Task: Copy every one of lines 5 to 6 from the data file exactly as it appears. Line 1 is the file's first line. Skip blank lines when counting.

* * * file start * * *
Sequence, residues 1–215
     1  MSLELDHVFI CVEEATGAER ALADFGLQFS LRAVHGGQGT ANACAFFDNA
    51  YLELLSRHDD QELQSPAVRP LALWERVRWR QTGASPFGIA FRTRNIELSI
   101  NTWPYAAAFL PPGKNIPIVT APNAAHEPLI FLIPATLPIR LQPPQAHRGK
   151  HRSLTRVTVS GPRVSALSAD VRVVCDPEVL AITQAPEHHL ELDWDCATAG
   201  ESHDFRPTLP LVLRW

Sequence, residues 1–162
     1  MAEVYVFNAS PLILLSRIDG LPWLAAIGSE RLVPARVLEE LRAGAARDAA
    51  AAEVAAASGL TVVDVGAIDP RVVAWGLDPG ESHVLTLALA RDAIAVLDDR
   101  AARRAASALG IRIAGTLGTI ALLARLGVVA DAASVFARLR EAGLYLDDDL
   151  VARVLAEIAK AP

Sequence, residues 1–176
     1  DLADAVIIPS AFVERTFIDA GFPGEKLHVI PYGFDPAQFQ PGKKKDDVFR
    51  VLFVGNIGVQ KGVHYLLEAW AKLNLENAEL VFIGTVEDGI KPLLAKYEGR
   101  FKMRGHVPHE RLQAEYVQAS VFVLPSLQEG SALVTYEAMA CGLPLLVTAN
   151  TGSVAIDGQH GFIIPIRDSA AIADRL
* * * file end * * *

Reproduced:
   151  HRSLTRVTVS GPRVSALSAD VRVVCDPEVL AITQAPEHHL ELDWDCATAG
   201  ESHDFRPTLP LVLRW